NGS would not exist without the important discussions at The Panton Arms where Illumina Next-Generation sequencing was invented…sort of.

Professors Sir David Klenerman and Sir Shankar Balasubramanian are being honoured with the 2024 Novo Nordisk Prize for their pioneering work on Solexa sequencing. This led to the $1000 (currently the $200*) genome, which has enabled the era of personalised medicine and also underpins much of our discovery and translational work to bring new medicines to patients.The Novo Nordisk Prize recognises scientists who have provided outstanding international contributions to advance medical science to benefit people’s lives.

Klenerman and Balasubramanian are clearly worthy of this award. At the Dept of Chemistry in Cambridge they co-invented the sequencing-by-synthesis chemistry that has revolutionised our fundamental understanding of life by enabling fast, accurate, large-scale genome sequencing.

“It might sound a bit corny, but the greatest reward is seeing the technology in use and knowing that it has genuinely saved people’s lives. Receiving recognition from this award is wonderful. Shankar and I were fortunate enough to initiate the whole process, but in my mind, the Prize represents acknowledgment of a technology to which a large number of people contributed. They took an idea from a piece of paper and turned it into reality.”

David Klenerman

PS: There’s a great thread on LinkedIn about the development of Solexa, the purchase of Manteia (for their bridge-amplification surface-PCR) with Lnyx, and the lack of foresight at Serono (now Merck) on the possibilities for NGS.

Want to know more about how it started in a pub?

Taken from the Novo press release: In 1994, when David Klenerman and Shankar Balasubramanian met, neither was contemplating DNA sequencing. Balasubramanian needed someone with laser experience to conclude a study, which is how he met Klenerman and started collaborating in a study of the genetic copy machine DNA polymerase. However, the experiments did not proceed as smoothly as they had hoped. To brainstorm solutions, they visited the Panton Arms pub with their two postdoctoral fellows.

“At the time, the Wellcome Sanger Institute nearby was determining the three billion bases of the human genome for the first time ever. The Human Genome Project underscored the need for a more rapid and cost-effective sequencing method. We realised that our work could be adapted to meet this need,”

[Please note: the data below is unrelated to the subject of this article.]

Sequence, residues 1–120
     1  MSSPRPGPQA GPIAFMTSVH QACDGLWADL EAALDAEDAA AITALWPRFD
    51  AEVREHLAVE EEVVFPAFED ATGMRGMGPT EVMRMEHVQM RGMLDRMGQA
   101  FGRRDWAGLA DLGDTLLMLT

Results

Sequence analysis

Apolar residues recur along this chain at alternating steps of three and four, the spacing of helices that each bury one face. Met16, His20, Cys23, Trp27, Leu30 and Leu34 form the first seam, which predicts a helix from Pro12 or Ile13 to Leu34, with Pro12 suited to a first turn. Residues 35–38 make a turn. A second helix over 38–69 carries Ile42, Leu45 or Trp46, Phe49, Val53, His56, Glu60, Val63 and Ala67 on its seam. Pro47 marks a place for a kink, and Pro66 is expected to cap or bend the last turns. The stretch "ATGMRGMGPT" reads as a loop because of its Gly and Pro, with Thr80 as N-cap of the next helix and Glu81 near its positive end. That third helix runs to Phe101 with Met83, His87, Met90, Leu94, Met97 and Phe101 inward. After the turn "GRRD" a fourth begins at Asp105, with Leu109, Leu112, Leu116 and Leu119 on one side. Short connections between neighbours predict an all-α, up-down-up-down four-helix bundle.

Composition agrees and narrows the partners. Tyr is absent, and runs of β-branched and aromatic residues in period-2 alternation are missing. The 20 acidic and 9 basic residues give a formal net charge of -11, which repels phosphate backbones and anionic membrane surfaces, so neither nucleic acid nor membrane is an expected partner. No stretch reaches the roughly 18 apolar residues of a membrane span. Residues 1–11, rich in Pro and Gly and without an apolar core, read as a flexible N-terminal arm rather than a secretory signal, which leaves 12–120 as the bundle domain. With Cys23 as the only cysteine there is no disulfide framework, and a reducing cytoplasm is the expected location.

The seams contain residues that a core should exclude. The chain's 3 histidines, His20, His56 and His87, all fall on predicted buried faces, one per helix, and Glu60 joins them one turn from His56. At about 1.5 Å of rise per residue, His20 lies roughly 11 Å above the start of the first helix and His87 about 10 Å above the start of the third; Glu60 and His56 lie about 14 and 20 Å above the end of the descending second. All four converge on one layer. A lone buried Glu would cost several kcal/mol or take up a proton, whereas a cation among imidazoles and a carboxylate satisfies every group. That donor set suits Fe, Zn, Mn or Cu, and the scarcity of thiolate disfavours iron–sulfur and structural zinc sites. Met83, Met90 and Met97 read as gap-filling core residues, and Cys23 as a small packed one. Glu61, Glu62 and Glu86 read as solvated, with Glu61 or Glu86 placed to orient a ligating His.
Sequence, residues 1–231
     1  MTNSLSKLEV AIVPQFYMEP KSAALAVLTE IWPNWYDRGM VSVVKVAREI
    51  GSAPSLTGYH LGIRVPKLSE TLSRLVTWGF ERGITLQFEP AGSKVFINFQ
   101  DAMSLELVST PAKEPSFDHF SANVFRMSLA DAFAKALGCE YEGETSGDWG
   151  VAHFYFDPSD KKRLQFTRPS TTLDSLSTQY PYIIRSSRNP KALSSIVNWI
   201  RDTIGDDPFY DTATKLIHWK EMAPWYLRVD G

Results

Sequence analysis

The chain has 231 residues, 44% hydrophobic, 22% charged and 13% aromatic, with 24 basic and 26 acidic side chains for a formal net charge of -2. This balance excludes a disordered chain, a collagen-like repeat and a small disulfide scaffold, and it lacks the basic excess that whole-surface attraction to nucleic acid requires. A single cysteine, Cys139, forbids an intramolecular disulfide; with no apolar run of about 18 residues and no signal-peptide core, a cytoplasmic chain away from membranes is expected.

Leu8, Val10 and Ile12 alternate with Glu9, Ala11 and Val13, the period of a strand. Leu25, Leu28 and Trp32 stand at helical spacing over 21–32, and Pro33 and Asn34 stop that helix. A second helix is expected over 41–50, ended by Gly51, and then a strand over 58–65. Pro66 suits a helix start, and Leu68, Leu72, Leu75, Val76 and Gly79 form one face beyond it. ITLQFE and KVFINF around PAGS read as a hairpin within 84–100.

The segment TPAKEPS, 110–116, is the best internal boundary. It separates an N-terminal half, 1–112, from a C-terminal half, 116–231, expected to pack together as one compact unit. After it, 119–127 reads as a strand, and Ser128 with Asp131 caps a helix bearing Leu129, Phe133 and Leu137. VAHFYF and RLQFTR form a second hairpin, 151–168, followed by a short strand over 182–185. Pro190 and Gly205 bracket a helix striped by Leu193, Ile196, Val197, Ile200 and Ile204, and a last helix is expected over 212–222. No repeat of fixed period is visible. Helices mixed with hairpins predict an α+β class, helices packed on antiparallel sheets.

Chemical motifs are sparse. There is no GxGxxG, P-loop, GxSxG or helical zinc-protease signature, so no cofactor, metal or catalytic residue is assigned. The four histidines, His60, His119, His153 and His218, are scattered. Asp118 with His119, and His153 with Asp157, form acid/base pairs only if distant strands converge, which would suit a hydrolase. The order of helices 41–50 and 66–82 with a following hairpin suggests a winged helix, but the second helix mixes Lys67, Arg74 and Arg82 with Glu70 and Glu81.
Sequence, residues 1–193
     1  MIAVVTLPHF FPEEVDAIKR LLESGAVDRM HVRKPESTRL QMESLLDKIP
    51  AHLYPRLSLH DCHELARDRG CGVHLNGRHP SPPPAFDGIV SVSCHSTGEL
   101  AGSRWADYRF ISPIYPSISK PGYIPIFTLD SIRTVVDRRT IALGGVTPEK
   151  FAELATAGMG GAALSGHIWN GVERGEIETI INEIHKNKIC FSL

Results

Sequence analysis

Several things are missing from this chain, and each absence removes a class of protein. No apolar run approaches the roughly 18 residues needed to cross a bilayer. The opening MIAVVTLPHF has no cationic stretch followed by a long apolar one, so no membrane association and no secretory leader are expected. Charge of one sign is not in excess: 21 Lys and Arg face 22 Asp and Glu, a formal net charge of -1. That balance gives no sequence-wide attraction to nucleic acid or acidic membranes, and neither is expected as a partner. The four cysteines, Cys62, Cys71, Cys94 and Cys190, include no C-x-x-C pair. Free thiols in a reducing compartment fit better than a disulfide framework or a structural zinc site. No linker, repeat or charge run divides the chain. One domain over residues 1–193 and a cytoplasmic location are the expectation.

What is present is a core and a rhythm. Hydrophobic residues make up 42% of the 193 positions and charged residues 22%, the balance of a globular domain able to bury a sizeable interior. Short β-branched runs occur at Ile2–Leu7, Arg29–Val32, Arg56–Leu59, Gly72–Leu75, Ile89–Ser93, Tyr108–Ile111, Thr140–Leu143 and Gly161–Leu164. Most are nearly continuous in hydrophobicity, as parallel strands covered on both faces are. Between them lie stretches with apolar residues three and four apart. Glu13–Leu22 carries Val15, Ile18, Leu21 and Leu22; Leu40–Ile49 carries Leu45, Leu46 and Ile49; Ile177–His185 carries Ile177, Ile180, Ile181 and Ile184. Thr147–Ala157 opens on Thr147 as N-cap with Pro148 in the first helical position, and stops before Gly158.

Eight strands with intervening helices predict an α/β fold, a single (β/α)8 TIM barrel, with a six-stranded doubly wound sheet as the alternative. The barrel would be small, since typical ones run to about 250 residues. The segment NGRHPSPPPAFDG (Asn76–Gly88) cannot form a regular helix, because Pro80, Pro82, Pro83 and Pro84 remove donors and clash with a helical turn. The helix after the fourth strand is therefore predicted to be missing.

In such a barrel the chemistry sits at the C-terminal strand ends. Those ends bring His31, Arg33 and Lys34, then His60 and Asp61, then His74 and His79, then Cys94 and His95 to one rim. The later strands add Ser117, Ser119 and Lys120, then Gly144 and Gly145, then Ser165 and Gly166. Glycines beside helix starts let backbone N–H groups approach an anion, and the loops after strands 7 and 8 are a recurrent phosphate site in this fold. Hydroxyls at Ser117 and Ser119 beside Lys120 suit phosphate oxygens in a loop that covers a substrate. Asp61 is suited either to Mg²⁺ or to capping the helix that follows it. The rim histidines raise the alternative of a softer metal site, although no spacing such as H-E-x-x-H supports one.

Shankar Balasubramanian

Their innovative approach revolutionised DNA by employing parallelisation. Instead of analysing one DNA molecule at a time, they fragmented the three billion bases of the human genome into millions of tiny pieces – allowing for the simultaneous sequencing of millions of fragments and speeding up the sequence determination.“Then we could reconstruct the genome sequence by finding and connecting overlapping segments. Key to our process was the colour-coding for the four different DNA bases using fluorescent markers. Each added base emits a specific colour, allowing us to read the sequence as the DNA is being synthesised,” explains Sir David.

In November 1997, Balasubramanian and Klenerman proposed their concept to venture capitalists from Abingworth, leading to the founding of Solexa in 1998, which was acquired by Illumina for USD 650 million in 2007. They overcame significant challenges, and Solexa developed a sequencing technology that was ultimately able to detect billions of coloured spots on a chip and determine how their colour changed as DNA was synthesised step-by-step, to decode the DNA sequence.

“Today’s sequencers can process multiple trillions of bases per experiment, so we have now achieved over a million-fold improvement. In experimental science, million-fold enhancements don’t happen very often. So I believe it is a technology that has made, is making, and will continue to have an impact in the life sciences and human health,”

Shankar Balasubramanian